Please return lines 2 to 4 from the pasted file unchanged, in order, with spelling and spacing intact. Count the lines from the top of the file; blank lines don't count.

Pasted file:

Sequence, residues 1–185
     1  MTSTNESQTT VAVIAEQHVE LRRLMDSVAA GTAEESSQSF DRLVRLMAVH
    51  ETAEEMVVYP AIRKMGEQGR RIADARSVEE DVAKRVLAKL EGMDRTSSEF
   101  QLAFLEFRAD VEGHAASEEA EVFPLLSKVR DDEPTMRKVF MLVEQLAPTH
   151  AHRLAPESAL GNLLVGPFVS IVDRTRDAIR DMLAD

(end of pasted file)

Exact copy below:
     1  MTSTNESQTT VAVIAEQHVE LRRLMDSVAA GTAEESSQSF DRLVRLMAVH
    51  ETAEEMVVYP AIRKMGEQGR RIADARSVEE DVAKRVLAKL EGMDRTSSEF
   101  QLAFLEFRAD VEGHAASEEA EVFPLLSKVR DDEPTMRKVF MLVEQLAPTH